After 15 years of living in Iberia, we can look back with pride at a very long and satisfying list of adventures, experiences, and travels. We’ve soared all over Europe to taste homemade foods in the comfort of people’s homes, old wines in even older cellars, swanky bars in the limelight of the cities, and everything in between. It’s been amazing, but the time had come to settle…
Back in the Iron Age, I worked my way up into an executive chef position. I’m not talking prehistory (that would be a feat) but when all food was cooked using the raw power of hot iron grills under massive exhaust hoods. I left the kitchen back in the 90’s, just before a quiet revolution was about to begin.
Actually, it had already started in the 1970’s in France, but it wasn’t until the first years of the 21st century that it started making its way into commercial North American kitchens. The technique, called sous vide cooking, remained virtually unknown outside of the professional chef community, despite how fundamentally it changed cooking.
This is a cookbook that should be on every home cook’s shelf. Chef Chris McDonald has a firm …
You can now earn a specialized sommelier certification in a single month.
This Spring, the National Wine School is unveiling a bold new qualification for the wine trade: the Single Semester Sommelier Program (SSSP).
The program offers a versatile curriculum tailored to the professional needs of each student. New qualifications include Certified Winemaker, Spanish Wine Specialist™, International Wine Scholar™, Certified Sommelier-Instructor, Wine Law Specialist™, and many more.
Spanish Wine Specialist Program
In April, we are offering the Spanish Wine Specialist™. The program is open to everyone, even if you haven’t taken the Core Sommelier Program yet. It also can be applied towards your Advanced Sommelier Certificate or even your Master-Level Sommelier certification.
This past year was a fantastic one for those of us living in Pennsylvania, at least for wine. The first independent wine shops started cropping up all over the state, and a handful of state-run stores finally found their footing (go here for our new list of the region’s top wine stores).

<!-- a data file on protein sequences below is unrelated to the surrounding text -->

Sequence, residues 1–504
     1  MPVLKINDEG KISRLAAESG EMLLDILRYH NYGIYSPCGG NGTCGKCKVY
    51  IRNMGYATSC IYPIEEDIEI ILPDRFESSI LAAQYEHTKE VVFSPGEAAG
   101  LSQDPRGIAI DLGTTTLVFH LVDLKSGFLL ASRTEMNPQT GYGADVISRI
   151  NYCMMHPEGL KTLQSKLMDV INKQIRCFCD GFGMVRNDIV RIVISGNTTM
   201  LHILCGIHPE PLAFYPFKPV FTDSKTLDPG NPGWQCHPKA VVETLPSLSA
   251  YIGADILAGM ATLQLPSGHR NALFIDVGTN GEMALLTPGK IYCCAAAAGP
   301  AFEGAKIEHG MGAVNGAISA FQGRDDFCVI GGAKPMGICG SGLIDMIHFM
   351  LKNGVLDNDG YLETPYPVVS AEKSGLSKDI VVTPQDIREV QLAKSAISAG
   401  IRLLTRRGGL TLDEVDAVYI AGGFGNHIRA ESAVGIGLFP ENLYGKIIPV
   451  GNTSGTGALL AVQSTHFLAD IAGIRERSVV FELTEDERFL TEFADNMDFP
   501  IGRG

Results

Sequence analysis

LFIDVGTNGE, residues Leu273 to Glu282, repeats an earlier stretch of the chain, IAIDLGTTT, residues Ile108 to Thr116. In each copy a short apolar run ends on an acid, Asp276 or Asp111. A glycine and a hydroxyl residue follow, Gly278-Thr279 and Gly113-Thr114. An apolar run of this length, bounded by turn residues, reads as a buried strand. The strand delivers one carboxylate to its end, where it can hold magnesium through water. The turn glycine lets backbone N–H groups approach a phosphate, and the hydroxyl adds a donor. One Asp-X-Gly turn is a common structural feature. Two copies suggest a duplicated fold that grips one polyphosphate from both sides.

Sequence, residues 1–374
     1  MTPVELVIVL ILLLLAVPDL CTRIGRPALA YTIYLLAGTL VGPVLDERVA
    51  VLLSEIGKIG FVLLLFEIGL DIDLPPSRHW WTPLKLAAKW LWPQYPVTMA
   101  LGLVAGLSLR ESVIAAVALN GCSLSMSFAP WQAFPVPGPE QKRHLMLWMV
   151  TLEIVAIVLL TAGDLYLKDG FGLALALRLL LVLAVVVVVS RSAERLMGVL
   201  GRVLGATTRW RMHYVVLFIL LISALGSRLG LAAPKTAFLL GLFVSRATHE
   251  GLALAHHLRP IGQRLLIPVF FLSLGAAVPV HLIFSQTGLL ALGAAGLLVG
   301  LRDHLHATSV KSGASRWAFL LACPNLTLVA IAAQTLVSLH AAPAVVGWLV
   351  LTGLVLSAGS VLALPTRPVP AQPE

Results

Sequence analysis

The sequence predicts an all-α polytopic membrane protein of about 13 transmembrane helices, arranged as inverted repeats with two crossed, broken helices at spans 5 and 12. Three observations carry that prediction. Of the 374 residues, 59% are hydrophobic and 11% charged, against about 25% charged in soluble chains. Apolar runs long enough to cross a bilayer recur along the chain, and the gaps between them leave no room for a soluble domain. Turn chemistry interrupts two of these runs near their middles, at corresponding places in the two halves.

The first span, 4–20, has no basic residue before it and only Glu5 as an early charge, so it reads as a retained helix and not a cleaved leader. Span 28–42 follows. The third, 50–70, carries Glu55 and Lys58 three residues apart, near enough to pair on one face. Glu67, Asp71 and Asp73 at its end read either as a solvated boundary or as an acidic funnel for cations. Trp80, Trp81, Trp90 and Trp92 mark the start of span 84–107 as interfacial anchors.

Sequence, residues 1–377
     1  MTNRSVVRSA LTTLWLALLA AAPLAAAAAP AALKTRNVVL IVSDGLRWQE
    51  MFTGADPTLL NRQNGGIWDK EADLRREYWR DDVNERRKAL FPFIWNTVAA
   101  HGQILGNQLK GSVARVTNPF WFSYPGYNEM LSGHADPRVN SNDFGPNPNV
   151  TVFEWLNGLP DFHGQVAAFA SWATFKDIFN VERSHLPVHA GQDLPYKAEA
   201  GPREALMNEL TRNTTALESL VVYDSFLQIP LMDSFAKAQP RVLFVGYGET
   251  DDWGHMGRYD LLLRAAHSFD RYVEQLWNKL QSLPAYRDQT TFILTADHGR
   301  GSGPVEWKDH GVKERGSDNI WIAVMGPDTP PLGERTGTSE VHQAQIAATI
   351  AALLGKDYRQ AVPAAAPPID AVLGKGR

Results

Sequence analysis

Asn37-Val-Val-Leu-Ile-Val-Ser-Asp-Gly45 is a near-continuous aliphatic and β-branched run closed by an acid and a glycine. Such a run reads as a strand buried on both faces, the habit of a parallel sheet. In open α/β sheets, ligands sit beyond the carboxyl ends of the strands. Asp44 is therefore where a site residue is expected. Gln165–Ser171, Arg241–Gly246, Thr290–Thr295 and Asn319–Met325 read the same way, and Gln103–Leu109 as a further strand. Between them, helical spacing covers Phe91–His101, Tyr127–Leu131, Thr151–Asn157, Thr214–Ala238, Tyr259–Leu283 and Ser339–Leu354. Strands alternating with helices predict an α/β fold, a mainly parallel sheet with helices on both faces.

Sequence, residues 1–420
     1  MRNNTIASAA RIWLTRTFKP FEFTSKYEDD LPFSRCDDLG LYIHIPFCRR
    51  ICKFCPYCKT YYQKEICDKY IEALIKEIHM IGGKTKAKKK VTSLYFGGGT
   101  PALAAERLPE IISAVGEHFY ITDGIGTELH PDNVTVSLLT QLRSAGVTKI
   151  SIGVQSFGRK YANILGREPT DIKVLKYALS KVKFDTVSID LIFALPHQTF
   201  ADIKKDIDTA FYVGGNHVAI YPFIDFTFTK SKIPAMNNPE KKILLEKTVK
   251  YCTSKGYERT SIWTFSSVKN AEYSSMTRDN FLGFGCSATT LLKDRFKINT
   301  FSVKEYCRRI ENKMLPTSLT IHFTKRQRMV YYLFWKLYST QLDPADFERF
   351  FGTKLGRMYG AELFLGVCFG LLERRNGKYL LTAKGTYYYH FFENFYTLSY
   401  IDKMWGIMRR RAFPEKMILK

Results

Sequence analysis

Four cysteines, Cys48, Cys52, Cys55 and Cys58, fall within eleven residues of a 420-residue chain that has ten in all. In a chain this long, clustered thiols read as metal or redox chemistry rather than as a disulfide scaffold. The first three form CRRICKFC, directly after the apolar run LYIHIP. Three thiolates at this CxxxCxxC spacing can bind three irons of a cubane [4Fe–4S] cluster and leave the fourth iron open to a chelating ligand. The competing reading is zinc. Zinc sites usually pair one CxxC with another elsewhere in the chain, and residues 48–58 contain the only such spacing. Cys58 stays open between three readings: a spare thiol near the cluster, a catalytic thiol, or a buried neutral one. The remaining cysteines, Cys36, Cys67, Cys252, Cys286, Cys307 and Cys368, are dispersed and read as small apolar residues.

We reviewed over a hundred amazing wines, along with the two thousand bottles tasted during wine classes in 2017. We distilled those down to our top 10 favorite wines of the year. To be our top picks, wine could not just be fantastic; they had to be offered at an amazing price, as well.
Some of these wines are probably sold out by the time you read this. If you want to be kept appraised of all the best wine deals in the Fine Wine and Good Spirits …
Each element of our tasting kit is custom designed by the executive director of the school. The package includes a BYO wine bag, a lead-free crystal wine glass, sommelier corkscrew, silver pen, and tasting book. Wine is not included in the kit.
In this issue: Our Guide to the Best Wine Stores in Philly | Top Wine Picks and Reviews | Gift Ideas for Wine Lovers
The December Newsletter
Friends, the holidays are upon us. It’s time for all of us to transform into hybrid Santa-Sommeliers. To start off the Holiday newsletter, I’ve crafted a super-corny jingle for you: Pop the corks and spread the cheer: Let us be part of your holidays this year!
Worst. Poem. Ever. I’ll stick to teaching about wine. If send us your wine neophytes, I promise to send them back enlightened. If you send us your nascent sommelier, and I’ll turn them into a master. Heck, send us your incorrigible wine snobs, and I’ll gift them a bit of vino humility. Or just send them a gift certificate, and your job is done.
FYI, make sure to gift a class or two for yourself. I’d …
In our 18 years of operation, we’ve learned a thing or two about teaching wine classes. I love my job, but it’s the caliber of our students that really makes it worthwhile. I am deeply grateful that so many of you are willing to register for classes months ahead of schedule.
But I also know that is deeply aggravating for many of you, as well. Not everyone can organize their schedule months in advance. I’m the same: I can barely make a restaurant reservation a week in advance. Sure, if you want to come to one of our super-popular classes like Champagne, Exotic Wines, Wine 101, or Boutique Napa Valley you are going to have to sign up ASAP. But there are other classes that are designed just for you, our core friends and students.
Wines for the October Sommelier Smackdown with Hai Tran